The Ready campaign, launched in 2003, aims to promote preparedness through public involvement. This and every September, the campaign recognizes National Preparedness Month, to encourage family and community disaster and emergency planning. The 2019 theme is “Prepared, Not Scared.” The notion of preparedness is nothing new in Putnam. In the aftermath of 9/11 a bioterrorism task force was formed, and public health staff, first responders and other county agencies have been coming together to prepare for emergencies ever since. One exercise earlier this year focused on receiving “fake” medications and another full scale exercise will be conducted in October. These PHEP drills, which stands for Public Health Emergency Preparedness, are led by the Putnam County Department of Health (PCDOH), and required by the New York State Department of Health.
“Our emergency response in Putnam continues to be top tier. Our Bureau of Emergency Services has a stellar record for ensuring county-wide communications during potential and actual disasters, and maintains an Enhanced 911 system,” says County Executive MaryEllen Odell. “First responders, healthcare workers, and volunteers work together and remain diligent and committed to our communities.”
“Local agencies have also banded together to support children, especially during an emergency,” says Putnam County Health Commissioner Michael J. Nesheiwat, MD. “The Putnam Community Resilience Coalition [CRC], with the involvement of over two-dozen state and local agencies and the National Center for Disaster Preparedness at Columbia University, have set a foundation and provided leadership in developing approaches focusing on children before, during and after a disaster. Our health department continues to enact innovative approaches when it comes to starting a community conversation that is focused on safety and resolution, rather than fear and panic.” Work begun under the CRC grant is being sustained through enhancing mental health awareness and services throughout Putnam Schools and various provider groups.
At the 4-H fair this summer, visitors to the PCDOH booth were invited to take part in an online survey to assess their personal and household readiness by answering simple questions. Results from the survey indicated that lack of knowledge was a barrier for many in being prepared. Recognition of this will serve to shape future local preparedness initiatives. Recommendations to all residents include creating a “Grab and Go Kit” containing essential medicine and important papers in case of evacuation, as well as an Emergency Supply Kit should they need to stay in their homes for 2-3 days.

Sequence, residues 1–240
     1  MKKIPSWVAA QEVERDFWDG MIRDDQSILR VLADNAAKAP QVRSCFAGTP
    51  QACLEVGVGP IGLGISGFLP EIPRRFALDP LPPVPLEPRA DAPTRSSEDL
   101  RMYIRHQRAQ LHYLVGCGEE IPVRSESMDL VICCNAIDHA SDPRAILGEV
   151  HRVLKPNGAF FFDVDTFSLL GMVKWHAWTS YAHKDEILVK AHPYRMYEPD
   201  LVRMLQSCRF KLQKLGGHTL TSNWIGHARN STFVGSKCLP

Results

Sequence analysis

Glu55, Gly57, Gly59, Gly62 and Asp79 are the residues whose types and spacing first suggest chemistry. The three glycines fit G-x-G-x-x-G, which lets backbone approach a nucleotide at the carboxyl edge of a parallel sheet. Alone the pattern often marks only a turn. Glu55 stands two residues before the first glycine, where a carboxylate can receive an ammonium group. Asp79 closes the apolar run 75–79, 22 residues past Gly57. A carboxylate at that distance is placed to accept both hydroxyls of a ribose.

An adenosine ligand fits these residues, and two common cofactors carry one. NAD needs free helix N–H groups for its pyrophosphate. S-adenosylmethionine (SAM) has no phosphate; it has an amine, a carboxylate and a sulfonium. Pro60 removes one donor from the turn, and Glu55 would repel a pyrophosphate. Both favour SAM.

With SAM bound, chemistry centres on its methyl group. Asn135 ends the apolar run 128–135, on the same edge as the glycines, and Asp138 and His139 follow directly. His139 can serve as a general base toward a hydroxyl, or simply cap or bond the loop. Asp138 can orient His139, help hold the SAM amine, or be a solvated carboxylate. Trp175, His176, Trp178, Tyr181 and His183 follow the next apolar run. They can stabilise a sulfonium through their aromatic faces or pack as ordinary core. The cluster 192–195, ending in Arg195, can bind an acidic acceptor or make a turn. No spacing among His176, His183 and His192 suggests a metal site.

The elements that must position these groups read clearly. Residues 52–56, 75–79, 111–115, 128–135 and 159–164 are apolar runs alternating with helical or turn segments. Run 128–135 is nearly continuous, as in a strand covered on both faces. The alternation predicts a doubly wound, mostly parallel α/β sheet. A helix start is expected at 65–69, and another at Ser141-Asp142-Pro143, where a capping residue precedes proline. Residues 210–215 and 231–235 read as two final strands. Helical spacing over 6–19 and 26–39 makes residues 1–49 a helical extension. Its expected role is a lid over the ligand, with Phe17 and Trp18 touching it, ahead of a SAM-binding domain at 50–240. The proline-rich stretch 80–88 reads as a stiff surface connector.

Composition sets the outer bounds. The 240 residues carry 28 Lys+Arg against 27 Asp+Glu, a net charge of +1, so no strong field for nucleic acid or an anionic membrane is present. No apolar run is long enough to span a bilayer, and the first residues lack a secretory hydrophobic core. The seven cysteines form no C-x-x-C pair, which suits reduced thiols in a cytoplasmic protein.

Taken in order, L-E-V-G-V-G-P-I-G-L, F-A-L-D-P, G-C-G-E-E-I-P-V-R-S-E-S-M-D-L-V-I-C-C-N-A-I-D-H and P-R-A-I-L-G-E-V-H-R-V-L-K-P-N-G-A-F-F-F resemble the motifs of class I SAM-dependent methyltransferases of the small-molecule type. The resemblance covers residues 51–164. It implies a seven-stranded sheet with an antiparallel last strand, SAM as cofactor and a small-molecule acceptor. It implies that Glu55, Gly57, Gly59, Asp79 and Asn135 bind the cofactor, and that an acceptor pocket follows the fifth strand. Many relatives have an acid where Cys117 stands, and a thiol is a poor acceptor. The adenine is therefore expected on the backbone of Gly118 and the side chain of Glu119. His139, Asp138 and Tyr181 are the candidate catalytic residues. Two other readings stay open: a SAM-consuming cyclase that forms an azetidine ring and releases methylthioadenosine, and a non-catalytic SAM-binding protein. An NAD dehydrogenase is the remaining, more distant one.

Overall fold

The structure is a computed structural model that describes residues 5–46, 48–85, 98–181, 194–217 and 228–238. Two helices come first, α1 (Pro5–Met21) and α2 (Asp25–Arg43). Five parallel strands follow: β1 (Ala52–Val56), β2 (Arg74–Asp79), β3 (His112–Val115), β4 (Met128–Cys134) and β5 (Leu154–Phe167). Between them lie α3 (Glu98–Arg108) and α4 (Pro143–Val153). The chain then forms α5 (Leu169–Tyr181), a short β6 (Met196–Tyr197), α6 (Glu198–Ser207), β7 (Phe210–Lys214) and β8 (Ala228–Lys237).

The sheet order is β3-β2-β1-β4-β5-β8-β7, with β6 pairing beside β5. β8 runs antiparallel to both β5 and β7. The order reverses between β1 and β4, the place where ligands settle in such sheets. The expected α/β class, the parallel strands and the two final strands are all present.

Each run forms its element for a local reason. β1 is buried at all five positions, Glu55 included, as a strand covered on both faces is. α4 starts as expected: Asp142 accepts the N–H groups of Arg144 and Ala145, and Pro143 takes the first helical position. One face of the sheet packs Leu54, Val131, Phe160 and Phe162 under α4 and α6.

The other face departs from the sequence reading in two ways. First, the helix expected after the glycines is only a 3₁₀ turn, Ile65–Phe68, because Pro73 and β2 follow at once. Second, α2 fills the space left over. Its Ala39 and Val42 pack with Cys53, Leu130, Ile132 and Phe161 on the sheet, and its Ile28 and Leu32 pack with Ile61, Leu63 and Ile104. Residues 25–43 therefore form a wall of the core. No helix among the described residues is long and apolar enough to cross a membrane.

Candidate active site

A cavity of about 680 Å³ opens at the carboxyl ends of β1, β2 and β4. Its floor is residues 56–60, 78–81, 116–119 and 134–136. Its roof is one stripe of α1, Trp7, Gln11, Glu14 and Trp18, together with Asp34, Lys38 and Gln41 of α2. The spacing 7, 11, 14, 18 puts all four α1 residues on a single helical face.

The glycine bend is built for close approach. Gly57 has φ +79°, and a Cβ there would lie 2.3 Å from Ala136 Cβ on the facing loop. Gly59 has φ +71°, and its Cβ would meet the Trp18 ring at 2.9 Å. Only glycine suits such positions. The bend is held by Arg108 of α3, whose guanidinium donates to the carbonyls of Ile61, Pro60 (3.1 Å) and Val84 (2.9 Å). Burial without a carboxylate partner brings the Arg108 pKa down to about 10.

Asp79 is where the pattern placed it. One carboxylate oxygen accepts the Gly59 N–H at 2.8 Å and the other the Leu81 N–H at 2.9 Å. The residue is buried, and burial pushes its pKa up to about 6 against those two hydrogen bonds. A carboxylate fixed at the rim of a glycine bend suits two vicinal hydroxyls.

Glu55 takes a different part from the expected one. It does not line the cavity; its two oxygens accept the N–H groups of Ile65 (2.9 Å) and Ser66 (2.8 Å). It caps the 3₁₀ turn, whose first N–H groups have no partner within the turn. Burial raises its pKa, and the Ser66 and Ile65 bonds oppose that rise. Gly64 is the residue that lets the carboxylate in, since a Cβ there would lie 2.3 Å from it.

Additionally a large portion of survey participants reported getting weather emergency information from NY-Alert, a website and notification service providing critical, emergency-related information including instructions and recommendations in real-time by emergency personnel. New Yorkers can subscribe to NY-Alert and receive information that may include severe weather warnings, significant highway closures, hazardous material spills and other emergency conditions. All areas of New York State are included in the system, and you can decide which area you would like to receive alerts about. Signing up is free, and messages can be received by phone, email, text and fax. For more information or to sign up, visit https://alert.ny.gov/.
The mission of the Putnam County Department of Health, nationally accredited by the Public Health Accreditation Board (PHAB), is to improve and protect the health of the Putnam County community, composed of nearly 100,000 residents. Core services include community health assessment, disease surveillance and control, emergency preparedness, environmental health protection, family health promotion and health education. For more information, please visit our County website at www.putnamcountyny.com ; or visit our social media sites on Facebook at www.facebook.com/putnamhealth and Twitter @PutnamHealthNY.